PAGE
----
|Friday, August 30
Getting back in the game
By Kevin Seifert
Special to ESPN.com
The horn blew, and at once players and coaches were sprinting to all corners of the Minnesota Vikings' practice fields. The morning air was still tinged with Nordic winter, even as the calendar showed April and the bustle signaled the start of NFL mini-camp.
A crusty, white-haired coach stood in the middle of it all, for a moment lost in time. As George O'Leary remained planted, instinctively assuming the head coach's supervisory position, Mike Tice looked over with a huge grin.
The head coach for eight years at Georgia Tech and five days at Notre Dame, O'Leary quickly snapped out of it and jogged over to a goalpost, where the Vikings' defensive linemen had gathered and were awaiting his instruction.
"You know what?" O'Leary said, chuckling later at the memory. "I forgot I had a position to coach. I'm just going, 'OK, let's get going,' like I'm the head coach."
Such moments have arisen regularly for O'Leary in the eight months since he joined Tice's staff as the Vikings' assistant head coach and overseer of the team's defensive line. They are regular reminders of "the situation that occurred," O'Leary's description of his December admission of inaccuracies in his resume and subsequent resignation.
The fallout sent him hurtling all the way to the land of 10,000 Lakes and second chances, accepting the only job offer he considered during those dark winter days. O'Leary coached Tice at Central Islip (N.Y.) High School in the 1970's, and he was the first potential assistant the new Vikings' coach contacted after being hired in January.
O'Leary has reintroduced himself to reality since then -- going grocery shopping for the first time in 35 years, speaking often and openly about his fall from grace and biding his time until his phone rings again. In the meantime, he has busied himself with rebuilding a defensive line that was one of the NFL's worst in 2001 and providing counsel for Tice, a first-time head coach.
"I prefer to make decisions rather than suggestions," O'Leary said recently. He is aware that his admissions heightened sensitivity to resume integrity around the country, but said he does not believe it will hamper his return to the college head-coaching ranks.
"If you do a good job where you are, people will find you," he said. "I think people look at you for what you've accomplished on the field in the profession, more so than what people write about. The proof is always in the pudding. It's what you've accomplished more than anything else."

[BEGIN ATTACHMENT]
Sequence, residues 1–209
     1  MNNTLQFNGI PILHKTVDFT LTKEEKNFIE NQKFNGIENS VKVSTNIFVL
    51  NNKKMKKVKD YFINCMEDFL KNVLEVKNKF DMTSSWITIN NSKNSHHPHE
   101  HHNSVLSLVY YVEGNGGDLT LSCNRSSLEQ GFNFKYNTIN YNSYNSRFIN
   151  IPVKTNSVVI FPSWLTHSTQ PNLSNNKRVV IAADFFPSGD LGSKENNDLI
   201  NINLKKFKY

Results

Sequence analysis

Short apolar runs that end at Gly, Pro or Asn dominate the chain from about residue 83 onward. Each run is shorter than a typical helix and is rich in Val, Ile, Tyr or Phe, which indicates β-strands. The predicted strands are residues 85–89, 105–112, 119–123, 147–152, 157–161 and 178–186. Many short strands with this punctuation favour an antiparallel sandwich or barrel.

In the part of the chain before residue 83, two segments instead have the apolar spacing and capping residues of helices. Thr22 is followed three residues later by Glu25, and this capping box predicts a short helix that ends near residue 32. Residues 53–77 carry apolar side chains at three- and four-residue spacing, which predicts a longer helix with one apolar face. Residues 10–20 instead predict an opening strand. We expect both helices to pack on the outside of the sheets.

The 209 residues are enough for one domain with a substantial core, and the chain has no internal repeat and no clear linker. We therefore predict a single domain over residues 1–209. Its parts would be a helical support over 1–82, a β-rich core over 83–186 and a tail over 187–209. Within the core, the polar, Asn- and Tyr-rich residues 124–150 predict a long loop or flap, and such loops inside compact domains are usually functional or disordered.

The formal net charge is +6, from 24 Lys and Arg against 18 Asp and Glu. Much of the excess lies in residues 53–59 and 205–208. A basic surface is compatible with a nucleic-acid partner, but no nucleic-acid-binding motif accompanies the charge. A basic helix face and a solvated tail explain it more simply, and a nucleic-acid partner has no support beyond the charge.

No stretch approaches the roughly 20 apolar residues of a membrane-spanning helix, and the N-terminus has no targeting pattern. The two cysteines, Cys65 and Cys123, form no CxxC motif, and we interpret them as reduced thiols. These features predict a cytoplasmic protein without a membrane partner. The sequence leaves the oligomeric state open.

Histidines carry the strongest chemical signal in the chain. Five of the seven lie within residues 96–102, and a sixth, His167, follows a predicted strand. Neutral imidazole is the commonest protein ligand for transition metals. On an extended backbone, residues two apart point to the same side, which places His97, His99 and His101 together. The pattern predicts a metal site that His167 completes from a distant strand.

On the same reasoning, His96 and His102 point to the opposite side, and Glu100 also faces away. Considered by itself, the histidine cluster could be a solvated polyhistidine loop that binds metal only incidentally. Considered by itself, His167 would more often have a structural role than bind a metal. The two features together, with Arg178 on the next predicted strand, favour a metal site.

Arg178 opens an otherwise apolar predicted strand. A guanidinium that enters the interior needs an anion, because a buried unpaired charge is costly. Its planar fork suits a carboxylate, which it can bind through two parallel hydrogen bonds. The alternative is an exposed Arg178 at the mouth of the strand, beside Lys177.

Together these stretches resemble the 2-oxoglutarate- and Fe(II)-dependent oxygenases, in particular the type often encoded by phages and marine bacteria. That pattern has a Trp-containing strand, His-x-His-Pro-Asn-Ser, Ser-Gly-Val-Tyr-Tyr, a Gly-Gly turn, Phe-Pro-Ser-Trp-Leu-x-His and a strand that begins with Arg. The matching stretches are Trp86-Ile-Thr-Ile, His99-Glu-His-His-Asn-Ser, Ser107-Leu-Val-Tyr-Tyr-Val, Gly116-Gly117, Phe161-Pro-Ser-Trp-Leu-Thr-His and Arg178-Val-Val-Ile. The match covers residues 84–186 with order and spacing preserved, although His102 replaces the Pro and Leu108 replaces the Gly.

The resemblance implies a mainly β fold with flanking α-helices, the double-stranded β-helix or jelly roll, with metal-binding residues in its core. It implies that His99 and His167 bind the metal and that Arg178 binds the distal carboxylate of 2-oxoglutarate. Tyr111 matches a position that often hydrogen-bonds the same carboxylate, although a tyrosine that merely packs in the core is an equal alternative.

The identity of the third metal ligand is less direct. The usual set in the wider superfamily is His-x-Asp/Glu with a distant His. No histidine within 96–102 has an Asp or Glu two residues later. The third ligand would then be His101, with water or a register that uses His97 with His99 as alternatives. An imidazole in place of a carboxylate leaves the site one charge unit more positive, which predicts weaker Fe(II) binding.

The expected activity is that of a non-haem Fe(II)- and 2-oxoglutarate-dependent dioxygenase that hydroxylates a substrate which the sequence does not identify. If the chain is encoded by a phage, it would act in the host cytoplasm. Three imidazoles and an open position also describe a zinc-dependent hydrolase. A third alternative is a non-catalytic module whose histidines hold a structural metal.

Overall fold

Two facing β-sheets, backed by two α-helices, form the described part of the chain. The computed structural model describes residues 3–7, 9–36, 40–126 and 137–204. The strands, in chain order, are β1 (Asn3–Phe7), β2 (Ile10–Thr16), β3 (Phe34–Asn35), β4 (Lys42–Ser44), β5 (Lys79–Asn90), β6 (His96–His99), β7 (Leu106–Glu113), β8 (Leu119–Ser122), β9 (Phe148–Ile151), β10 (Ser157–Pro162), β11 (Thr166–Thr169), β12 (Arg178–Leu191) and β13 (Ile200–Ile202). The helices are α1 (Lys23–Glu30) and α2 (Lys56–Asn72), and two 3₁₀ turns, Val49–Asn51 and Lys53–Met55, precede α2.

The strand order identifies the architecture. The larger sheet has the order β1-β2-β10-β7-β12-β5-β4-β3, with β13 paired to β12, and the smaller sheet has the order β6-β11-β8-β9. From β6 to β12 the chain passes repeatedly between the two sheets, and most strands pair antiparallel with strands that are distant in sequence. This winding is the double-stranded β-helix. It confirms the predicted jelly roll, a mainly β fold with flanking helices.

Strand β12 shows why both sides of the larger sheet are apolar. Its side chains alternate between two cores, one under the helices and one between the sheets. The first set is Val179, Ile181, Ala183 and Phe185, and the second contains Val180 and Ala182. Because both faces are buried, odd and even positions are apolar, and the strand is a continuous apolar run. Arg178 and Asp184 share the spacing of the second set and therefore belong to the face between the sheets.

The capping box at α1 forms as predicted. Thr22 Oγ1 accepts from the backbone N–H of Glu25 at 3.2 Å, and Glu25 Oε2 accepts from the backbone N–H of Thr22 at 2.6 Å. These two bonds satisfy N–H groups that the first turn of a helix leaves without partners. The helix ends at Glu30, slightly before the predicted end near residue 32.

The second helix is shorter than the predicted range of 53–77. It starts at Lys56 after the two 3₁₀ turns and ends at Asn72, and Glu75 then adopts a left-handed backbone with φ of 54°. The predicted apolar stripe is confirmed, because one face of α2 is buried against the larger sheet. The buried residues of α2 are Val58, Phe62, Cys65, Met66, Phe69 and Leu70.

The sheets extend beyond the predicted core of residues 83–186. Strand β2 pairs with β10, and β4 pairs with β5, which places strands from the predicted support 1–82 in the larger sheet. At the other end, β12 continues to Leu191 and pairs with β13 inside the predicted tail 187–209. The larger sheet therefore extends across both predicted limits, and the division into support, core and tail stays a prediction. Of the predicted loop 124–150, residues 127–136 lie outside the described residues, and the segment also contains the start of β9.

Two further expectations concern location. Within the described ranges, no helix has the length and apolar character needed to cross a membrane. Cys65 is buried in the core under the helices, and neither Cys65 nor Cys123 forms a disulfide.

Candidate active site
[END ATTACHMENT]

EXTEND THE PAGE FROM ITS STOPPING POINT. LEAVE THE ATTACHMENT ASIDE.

Given the scrutiny a college athletics director will face should one consider O'Leary for a head coaching job, some believe his best opportunity could come in the NFL after paying a penance. The Detroit Lions, for example, hired Gary Moeller as their head coach in 2000, six years after he stepped down from Michigan amid scandal.
Tice, however, said he believes O'Leary will be back at the helm of a major college program by 2003. He points to the way his mentor has put aside his pride and earned praise from fellow Vikings coaches and players for returning to the trenches.
"At this time next year, he won't be working in this office," Tice said. "There's no way."
The Tice that binds
O'Leary had spoken to almost no one as he sat in the basement of his Georgia lake home, sulking and wondering what he would do next after admitting he had earned neither a letter at the University of New Hampshire nor received a master's degree from New York University. He had claimed both on an information form he filled out as an assistant at Syracuse in 1980 -- "to puff my bio," he admitted later -- and the information had remained in his press guide biography at Georgia Tech.
When O'Leary took the call, however, Tice knew there was hope. He asked O'Leary if he wanted to return to coaching, and told him there would be an opening on his Vikings staff if McCombs hired him.
"So when Mr. McCombs named me the head coach," Tice said, "I called George and asked him if he was in. He said, 'I'm in.'''
O'Leary flew to the Twin Cities the next day and signed a contract. He spoke informally with McCombs and team president Gary Woods but was never asked to provide background or otherwise explain the inaccuracies that cost him his job at Notre Dame.